Commission staff then made two additional adjustments to the aggregated portfolio.  First, staff added in the resource procurement ordered by the Commission in its June 2021 mid-term reliability decision (D.21-06-035), consisting of 11,500 MWs of net qualifying capacity.  Then, because the PSP will be transmitted to the California ISO to be used for the reliability and policy-driven base case scenario for the 2022-2023 transmission planning process, and that process also covers a ten-year planning horizon (through 2032), staff used the RESOLVE model to select additional resources for the 2031-2032 period.  This was necessary as LSE plans were only required to cover the period through 2030.

The Commission’s analysis showed that the aggregated portfolios, with the addition of the mid-term reliability decision procurement, generally met reliability and greenhouse gas goals, only requiring the procurement of an additional 286 MW of additional utility-scale solar to meet greenhouse gas emissions targets.  The ruling suggested that this scenario be adopted as the PSP and transmitted to the California ISO for the 2022-2023 transmission planning process.  The Commission staff also developed a number of other scenarios as alternate options for the PSP.

The proposed PSP includes a new resource buildout of 14,751 MWs of battery storage, 18,883 MWs of utility-scale solar, 3,553 MWs of wind, 1,500 MWs of out-of-state wind on new transmission, 1,708 MWs of offshore wind, and 1,000 MWs of pumped hydroelectric storage by 2032.  The proposed PSP will result in a portfolio that is 74% RPS-eligible and 87% greenhouse gas-free by 2032.

The ruling also poses numerous questions for parties to the proceeding, including questions about the need to accelerate the mid-term reliability procurement, and whether additional new fossil fuel-fired resources are required.  The Commission will hold a workshop on the ruling on September 1, 2021.  Comments on the ruling are due September 27, 2021, and reply comments are due October 11, 2021.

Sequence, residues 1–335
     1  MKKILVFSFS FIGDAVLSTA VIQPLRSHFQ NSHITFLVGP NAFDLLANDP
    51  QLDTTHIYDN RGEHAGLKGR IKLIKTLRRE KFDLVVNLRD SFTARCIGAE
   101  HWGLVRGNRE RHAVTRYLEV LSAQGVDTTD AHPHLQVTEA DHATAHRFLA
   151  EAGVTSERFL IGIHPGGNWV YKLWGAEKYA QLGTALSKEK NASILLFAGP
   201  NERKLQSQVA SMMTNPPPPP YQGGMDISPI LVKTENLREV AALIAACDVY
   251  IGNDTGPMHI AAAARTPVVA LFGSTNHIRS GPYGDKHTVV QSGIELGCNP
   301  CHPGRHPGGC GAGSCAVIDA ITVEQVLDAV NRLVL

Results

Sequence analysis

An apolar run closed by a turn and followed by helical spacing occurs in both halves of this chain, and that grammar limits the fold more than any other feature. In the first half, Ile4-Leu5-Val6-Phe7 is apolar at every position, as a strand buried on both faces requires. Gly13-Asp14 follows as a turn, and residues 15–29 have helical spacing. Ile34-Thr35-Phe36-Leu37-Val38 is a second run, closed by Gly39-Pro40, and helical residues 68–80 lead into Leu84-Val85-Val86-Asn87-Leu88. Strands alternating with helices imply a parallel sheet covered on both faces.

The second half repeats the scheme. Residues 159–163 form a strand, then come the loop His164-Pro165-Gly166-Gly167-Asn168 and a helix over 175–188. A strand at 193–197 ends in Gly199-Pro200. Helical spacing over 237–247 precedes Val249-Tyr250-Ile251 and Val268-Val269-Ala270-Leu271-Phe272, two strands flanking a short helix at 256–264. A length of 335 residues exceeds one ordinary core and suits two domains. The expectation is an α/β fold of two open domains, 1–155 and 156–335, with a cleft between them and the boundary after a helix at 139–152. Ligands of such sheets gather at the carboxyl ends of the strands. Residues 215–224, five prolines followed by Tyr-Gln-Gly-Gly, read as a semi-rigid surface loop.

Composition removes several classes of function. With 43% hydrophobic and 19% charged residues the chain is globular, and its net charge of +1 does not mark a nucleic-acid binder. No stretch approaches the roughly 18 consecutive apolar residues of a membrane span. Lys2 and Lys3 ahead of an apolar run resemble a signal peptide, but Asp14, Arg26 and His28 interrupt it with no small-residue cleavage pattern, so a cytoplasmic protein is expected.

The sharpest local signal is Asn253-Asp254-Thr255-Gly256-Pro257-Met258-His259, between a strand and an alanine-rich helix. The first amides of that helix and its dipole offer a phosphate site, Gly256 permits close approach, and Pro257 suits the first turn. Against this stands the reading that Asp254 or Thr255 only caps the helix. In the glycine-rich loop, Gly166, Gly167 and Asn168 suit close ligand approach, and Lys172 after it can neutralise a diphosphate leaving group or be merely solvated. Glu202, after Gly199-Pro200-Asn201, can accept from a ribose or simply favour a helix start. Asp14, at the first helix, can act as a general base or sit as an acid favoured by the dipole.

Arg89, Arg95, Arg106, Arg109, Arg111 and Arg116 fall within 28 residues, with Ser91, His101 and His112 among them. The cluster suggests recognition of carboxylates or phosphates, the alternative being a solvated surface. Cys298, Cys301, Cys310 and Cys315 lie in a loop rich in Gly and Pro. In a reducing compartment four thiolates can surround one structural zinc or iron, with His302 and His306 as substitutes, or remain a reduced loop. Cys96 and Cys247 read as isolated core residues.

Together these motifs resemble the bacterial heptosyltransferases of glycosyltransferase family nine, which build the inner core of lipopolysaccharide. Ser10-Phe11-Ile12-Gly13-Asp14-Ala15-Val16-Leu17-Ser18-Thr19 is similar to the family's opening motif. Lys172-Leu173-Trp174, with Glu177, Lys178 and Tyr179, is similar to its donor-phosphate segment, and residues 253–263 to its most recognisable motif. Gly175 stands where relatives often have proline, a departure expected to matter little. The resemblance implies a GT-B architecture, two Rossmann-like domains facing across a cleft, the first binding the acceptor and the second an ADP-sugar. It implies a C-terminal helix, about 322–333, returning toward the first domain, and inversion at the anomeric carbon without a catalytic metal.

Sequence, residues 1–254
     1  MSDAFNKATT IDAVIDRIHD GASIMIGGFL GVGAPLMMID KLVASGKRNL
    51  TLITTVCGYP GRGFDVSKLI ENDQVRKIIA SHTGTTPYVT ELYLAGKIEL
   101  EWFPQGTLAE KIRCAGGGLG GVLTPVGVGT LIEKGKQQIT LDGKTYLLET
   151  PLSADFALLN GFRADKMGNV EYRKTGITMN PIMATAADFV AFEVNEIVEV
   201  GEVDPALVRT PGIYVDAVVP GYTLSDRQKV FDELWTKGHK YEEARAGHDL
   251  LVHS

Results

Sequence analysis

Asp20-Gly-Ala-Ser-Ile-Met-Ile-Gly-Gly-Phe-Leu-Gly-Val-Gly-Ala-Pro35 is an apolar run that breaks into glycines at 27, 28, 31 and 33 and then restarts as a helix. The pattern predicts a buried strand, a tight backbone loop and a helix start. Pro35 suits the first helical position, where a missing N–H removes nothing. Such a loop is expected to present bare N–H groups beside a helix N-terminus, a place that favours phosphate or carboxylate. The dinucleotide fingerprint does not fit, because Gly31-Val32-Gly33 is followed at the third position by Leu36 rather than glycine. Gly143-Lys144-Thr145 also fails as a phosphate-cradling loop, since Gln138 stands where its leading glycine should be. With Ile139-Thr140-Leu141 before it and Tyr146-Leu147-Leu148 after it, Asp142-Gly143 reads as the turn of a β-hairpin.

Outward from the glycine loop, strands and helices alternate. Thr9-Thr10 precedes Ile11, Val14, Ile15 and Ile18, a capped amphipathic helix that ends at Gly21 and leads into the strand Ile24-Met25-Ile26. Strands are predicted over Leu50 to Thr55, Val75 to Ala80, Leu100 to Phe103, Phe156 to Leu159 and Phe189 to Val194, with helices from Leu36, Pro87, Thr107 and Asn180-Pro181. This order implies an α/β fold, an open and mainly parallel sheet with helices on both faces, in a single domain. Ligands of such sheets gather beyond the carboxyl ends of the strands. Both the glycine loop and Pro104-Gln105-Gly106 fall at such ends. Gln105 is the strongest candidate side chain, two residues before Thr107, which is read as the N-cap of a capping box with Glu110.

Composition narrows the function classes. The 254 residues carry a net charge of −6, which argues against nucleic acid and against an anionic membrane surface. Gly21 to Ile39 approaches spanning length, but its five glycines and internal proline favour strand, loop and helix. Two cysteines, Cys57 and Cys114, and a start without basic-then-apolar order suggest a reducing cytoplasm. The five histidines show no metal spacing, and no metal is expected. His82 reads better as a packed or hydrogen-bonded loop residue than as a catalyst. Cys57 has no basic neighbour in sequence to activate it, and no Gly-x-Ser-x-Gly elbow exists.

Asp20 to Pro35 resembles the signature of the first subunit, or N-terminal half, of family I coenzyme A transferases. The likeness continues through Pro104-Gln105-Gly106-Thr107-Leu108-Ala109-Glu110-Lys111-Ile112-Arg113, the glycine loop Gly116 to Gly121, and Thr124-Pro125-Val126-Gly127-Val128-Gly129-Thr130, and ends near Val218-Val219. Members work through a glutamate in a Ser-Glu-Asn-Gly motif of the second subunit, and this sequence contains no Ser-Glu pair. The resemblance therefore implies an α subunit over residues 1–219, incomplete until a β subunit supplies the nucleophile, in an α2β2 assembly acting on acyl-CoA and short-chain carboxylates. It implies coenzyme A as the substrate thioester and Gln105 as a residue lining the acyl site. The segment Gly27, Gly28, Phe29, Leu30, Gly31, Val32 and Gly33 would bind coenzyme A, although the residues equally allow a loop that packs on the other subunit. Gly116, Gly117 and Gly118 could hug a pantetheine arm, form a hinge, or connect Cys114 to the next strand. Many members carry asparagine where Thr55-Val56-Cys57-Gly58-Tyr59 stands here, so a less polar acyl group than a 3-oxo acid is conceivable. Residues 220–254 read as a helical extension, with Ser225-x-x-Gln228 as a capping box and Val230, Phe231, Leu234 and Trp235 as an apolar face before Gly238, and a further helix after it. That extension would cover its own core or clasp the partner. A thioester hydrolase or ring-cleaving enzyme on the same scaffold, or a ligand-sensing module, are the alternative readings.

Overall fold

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Biden Administration Proposes Rollback of Trump Administration Migratory Bird Rule

This post was co-authored by Stoel Rives summer associate Lydia Heye.

In May, the U.S. Fish and Wildlife Service (“Service”) announced a proposed rule revoking the Trump administration’s final rule on incidental take under the Migratory Bird Treaty Act (“MBTA”). In the January 7, 2021 final regulation, the Trump administration interpreted the MBTA’s take prohibition (the subject of a current split in federal circuit courts), excluding the “incidental” take of migratory birds from the scope of the MBTA’s take prohibition. The Service initially delayed the date the Trump final rule would go into effect but ultimately decided to propose revoking the rule entirely for the sake of transparency and efficiency. The Service’s proposed rule would give the Department of the Interior discretion to prosecute for the incidental take of migratory birds. However, without a replacement rule, the revocation of the Trump administration’s rule leaves room for unsettled and conflicting interpretations of the MBTA as it applies to incidental take, which has varied between administrations and has split the circuit courts for years.

The Trump administration’s MBTA regulations were subject to significant public scrutiny and legal challenges from various domestic and international stakeholders, but the rollback of the regulations brings renewed uncertainty for clients in the oil and gas, telecommunications, energy transmission, and renewable generation sectors.  Because there is not currently a permitting program for these clients to secure permits for take associated with their otherwise lawful activities, many of these clients are reasonably concerned that MBTA enforcement and prosecution may increase.  As such, this is a good time for clients to be reviewing and updating (as necessary) their internal migratory bird compliance programs.